Sample collection and population reductions can artificially create differences that can then be misinterpreted as different subspecies. The Luo study in 2008 used specimens from zoos that either originated from a known location in the wild or whose parents came from the wild. The subspecies analysis was done using microsatellite markers, mitochondrial DNA genes, and the disease resistance-related MHC gene DBR region. The study found no major differences among most tiger subspecies in the functional MHC gene. The genetic variants used to show differences between tiger subspecies were the neutral microsatellite and mitochondrial genes. These variants are considered neutral because they have no known effect on fitness. This is often done because neutral variation provides information on isolation and population connectivity. When populations are isolated the frequency of genetic variants changes between them. The level of difference in the frequency of the variants can be used to determine how genetically different populations are, and to assess subspecies validity.
The problem is that this study used a very small number of samples to represent some of the most widely distributed tiger subspecies. For example, there were only 2 tigers from China. In India, only 2 locations were sufficiently sampled within that entire subcontinent. In addition, the samples used were those from the 20th century, after tigers were extirpated from many areas and the remaining populations were isolated. For example, the Amur tiger samples came from a relatively small region relative to its historical range. Because of the limited sampling, this study did not examine all of the diversity present within the range of the original tiger subspecies. It also sampled tigers after the human-induced reductions and population fragmentation of the early 20th century. The genetic drift in the remaining small tiger populations would shift allele frequencies, which would artificially inflate the differences among subspecies they tested. Therefore, the conclusions of this study are informative, but do not provide enough data to test the validity of subspecies in wild tigers. The Luo subspecies designations should only be used as a guide, and not as hard, concrete classification scheme for the tiger breeding program.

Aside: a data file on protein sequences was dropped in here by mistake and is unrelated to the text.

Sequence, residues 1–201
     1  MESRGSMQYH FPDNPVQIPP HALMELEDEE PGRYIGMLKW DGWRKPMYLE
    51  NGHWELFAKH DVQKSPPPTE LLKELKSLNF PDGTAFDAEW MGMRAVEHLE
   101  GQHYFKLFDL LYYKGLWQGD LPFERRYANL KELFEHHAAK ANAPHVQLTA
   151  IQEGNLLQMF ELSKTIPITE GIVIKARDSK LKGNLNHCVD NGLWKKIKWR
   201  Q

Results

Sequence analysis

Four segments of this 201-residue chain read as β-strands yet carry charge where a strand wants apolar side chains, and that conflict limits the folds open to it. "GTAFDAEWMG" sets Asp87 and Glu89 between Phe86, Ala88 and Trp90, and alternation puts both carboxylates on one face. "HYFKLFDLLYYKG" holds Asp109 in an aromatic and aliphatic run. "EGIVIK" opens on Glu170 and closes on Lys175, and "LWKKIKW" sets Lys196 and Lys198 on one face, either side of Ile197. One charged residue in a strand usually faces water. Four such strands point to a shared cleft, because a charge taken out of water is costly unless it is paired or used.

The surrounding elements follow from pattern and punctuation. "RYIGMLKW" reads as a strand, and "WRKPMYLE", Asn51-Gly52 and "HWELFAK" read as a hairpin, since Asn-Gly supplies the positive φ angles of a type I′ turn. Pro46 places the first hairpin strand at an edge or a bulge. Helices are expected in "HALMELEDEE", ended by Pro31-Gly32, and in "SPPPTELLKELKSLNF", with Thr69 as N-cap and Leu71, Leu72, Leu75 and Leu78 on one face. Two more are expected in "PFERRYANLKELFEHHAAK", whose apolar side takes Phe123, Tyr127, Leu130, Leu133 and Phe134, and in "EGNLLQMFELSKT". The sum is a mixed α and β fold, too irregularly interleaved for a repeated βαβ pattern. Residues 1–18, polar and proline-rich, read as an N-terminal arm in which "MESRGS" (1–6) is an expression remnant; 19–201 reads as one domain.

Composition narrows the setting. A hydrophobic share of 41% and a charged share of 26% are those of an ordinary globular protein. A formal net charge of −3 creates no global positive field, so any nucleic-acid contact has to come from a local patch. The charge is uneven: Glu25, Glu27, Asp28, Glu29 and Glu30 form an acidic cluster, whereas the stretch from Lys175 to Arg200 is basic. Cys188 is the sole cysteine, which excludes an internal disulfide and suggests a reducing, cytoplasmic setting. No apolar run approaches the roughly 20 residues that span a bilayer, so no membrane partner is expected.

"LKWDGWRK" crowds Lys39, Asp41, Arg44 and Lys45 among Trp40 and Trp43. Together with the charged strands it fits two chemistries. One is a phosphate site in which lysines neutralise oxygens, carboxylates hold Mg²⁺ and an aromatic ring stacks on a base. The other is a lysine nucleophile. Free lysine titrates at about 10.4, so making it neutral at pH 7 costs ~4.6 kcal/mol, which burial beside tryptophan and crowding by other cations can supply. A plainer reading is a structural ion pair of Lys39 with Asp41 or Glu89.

Breeding Subspecies with Small Founders Leads to Genetic Drift and Inbreeding
A program that advocates the breeding of only subspecies with a limited number of founders, and small population size, leads to genetic drift that causes loss of variation and also increases inbreeding which increases the frequency of genetic diseases. Both of these increase susceptibility to infectious diseases and decrease adaptive variation. As these tiger subspecies are further bred in zoos, they accumulate additional differences between them that then ensure that they will come out as separate subspecies when their genetic variation is analyzed. This is similar to how differences in dog breeds are created. If you have a pool of animals, and you take a subset and breed them in different groups, you will create changes that hide the original structure. In addition, by closing a population for breeding, you increase frequency of disorders, just as pure breed dogs have more health problems than mixed-breed dogs.
The Scientific Approach to Tiger Breeding
A sound scientific approach to tiger management and breeding recommends a program that maintains all genetic variation that is currently present in the captive tiger population. This leads to increased effective number of breeders, which is the single most important factor for increasing the likelihood of population survival and reducing extinction risk. This is the strategy that the Species Survival Trust is using for their captive tiger management.
There is a noble but ill-informed idea that big cats and other endangered species should not be kept in captivity at all but should be allowed to live in the wild. Where is the wild? It’s gone.
Former host of Mutual of Omaha’s Wild Kingdom